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Author Notes: When I first saw Fregola at my grocery store, it seemed rare, but after experimenting with it, I learned that it can be cooked like a risotto, simmered in stock, or even boiled, drained, and dressed like a salad. I always keep this around for late night meals, it's hearty, and it gets better as it sits by absorbing the liquid that you cook it in. It reminds me of "Acini di Pepe" (little round pasta balls) that I would eat as a child with butter and Parmigiano-Regianno cheese. Fregola has become that comforting to me. I like to sweat some onions or a shallot with some garlic and parsley, then add in my Tomatoes which have been passed through a food mill. As the fregola simmers in the tomato it swells with flavor. The Pecorino cheese adds some sharpness and saltiness to the dish, then it gets rounded out with fresh torn basil leaves, a drizzle of fine Extra Virgin Olive oil, and some freshly ground black pepper. Try it for yourself, it's curbed my late night appetite many times. I make a few different versions, but this is the one I usually gravitate towards. —James Durazzo
- 3 cups (La Casa Del Grano) Fregola Sarda
- 1 Small-Medium shallot finely minced
- 1 Clove of Garlic finely minced
- 2 tablespoons Chopped Flat Leaf Parsley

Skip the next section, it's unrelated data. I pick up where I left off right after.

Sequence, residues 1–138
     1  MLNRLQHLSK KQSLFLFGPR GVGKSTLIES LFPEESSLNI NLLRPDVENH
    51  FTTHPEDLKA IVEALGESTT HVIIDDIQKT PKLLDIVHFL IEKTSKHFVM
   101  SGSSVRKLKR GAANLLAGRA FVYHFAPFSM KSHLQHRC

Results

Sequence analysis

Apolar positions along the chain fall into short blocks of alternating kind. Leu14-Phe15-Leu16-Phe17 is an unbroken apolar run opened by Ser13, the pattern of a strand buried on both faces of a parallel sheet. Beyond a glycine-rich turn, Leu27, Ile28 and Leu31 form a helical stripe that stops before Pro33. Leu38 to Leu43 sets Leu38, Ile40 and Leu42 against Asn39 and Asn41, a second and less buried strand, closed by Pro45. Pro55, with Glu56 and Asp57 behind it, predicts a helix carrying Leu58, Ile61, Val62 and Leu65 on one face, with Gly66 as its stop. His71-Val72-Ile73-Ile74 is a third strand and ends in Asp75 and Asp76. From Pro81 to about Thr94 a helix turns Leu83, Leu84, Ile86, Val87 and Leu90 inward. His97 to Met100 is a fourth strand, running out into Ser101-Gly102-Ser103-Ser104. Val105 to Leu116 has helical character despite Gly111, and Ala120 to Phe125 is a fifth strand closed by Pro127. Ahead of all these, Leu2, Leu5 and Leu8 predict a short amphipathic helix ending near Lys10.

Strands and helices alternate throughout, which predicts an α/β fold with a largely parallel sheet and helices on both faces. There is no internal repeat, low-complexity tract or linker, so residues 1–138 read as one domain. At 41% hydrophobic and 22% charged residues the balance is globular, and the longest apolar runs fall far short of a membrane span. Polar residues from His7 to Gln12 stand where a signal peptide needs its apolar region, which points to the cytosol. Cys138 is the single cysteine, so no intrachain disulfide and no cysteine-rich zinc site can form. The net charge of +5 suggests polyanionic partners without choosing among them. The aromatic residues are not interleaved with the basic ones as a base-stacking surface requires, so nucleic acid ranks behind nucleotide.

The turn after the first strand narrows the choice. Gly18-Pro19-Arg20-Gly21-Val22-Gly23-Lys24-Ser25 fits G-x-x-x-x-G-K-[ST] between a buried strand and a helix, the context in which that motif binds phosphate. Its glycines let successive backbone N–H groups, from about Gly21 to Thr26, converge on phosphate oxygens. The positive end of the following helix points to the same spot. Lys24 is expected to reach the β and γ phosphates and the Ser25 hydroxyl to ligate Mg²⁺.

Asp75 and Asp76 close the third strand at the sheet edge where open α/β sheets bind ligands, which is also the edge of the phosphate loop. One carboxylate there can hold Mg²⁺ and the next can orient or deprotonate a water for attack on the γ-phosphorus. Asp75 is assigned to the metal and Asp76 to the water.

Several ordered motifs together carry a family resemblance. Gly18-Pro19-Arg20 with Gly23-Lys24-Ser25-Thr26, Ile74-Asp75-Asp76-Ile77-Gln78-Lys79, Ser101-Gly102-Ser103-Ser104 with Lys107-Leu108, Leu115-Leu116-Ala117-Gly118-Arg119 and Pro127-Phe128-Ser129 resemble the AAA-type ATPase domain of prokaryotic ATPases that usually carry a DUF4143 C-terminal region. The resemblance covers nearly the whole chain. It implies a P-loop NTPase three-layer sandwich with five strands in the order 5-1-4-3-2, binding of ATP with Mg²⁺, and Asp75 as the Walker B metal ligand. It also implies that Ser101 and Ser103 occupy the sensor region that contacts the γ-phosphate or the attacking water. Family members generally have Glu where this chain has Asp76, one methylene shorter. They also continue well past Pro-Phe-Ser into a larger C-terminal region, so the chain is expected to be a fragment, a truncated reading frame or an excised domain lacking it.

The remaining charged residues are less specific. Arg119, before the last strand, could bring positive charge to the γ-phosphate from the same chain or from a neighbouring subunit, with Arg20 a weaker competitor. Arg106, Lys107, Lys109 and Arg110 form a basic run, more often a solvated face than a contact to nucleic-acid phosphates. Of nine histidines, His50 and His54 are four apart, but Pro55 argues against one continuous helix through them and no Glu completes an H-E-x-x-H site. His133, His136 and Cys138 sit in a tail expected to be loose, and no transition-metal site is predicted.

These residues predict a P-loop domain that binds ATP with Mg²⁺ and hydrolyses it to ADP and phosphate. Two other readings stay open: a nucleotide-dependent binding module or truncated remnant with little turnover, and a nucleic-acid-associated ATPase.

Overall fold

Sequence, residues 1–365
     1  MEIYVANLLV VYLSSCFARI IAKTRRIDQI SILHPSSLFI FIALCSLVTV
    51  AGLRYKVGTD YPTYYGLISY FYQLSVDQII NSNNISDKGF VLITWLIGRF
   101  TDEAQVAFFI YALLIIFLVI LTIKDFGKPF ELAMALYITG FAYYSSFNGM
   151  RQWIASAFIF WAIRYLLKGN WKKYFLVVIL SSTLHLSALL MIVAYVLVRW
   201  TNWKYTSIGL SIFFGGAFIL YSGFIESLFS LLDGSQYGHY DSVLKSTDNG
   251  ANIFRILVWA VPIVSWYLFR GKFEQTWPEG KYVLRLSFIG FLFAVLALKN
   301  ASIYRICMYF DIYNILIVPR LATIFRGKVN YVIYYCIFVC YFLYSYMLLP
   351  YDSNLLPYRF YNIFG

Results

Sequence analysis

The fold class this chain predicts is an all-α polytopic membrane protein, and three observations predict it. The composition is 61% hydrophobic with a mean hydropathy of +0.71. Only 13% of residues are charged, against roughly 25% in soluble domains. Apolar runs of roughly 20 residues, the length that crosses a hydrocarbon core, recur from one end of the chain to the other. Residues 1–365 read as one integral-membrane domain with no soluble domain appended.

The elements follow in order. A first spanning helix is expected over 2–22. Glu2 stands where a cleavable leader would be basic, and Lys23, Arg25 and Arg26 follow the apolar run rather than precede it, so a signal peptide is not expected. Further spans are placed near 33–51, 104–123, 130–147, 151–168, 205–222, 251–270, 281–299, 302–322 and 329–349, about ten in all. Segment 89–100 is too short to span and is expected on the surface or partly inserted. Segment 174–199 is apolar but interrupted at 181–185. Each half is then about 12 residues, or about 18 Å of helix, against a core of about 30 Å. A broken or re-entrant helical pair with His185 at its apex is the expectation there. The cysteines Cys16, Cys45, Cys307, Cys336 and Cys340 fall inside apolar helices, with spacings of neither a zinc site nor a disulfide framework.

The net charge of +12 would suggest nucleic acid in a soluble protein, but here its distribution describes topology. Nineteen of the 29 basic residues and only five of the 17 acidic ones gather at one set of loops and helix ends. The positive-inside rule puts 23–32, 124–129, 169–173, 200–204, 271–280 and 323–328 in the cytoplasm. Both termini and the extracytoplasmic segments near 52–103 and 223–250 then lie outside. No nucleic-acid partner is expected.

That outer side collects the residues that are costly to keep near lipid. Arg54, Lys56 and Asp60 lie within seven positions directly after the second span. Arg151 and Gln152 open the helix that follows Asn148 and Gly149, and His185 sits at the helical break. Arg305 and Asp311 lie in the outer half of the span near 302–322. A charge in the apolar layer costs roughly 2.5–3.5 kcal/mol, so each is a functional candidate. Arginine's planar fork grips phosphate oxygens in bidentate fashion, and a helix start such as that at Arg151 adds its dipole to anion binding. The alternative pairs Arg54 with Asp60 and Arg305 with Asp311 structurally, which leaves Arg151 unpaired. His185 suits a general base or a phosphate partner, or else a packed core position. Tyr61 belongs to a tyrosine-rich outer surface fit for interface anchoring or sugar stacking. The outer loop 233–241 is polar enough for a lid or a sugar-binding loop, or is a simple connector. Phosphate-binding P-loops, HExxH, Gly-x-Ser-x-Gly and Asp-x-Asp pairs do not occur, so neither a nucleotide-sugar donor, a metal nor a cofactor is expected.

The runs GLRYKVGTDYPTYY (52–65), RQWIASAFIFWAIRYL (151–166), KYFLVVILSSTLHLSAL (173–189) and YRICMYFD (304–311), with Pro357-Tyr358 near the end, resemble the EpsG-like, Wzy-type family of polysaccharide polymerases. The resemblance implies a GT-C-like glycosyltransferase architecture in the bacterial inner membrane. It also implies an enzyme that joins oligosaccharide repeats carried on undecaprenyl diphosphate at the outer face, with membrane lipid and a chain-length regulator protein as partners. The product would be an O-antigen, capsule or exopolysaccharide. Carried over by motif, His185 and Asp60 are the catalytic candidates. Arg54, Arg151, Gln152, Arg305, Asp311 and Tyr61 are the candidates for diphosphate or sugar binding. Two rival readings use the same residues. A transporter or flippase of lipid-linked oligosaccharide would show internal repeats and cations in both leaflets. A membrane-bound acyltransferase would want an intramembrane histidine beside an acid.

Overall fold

- 1-1/2 cups Canned Tomatoes strained or passed through a Food Mill
- 1 cup Unsalted Chicken Stock or Water
- 1 teaspoon Fine Sea Salt
- 1/2 cup Finely grated Pecorino Romano Cheese
- 1 handful Fresh Basil Leaves
- 2 tablespoons Extra Virgin Olive Oil
- Finely mince the shallot, garlic, and parsley
- In a skillet, heat the olive oil and add the shallot, garlic, and half of the parsley, Sweat over medium heat.
- Once the shallot and garlic start to give off aroma and are nicely sweat, add in the tomato, let this come to a low simmer, next add in the chicken stock or water.
- Once this comes back to a simmer, add the fregola to the skillet, and stir to combine. Cover the skillet, and reduce heat to low, let the fregola simmer in the tomato until it is chewy but slightly al dente.
- When the fregola is cooked, most of the liquid should be absorbed. Add in the remaining parsley, remove from heat, and stir in the Pecorino cheese. Transfer to a platter, and add in the torn basil leaves, a drizzle of Extra Virgin olive oil, and a few turns of freshly ground black pepper. Serve with additional Pecorino cheese.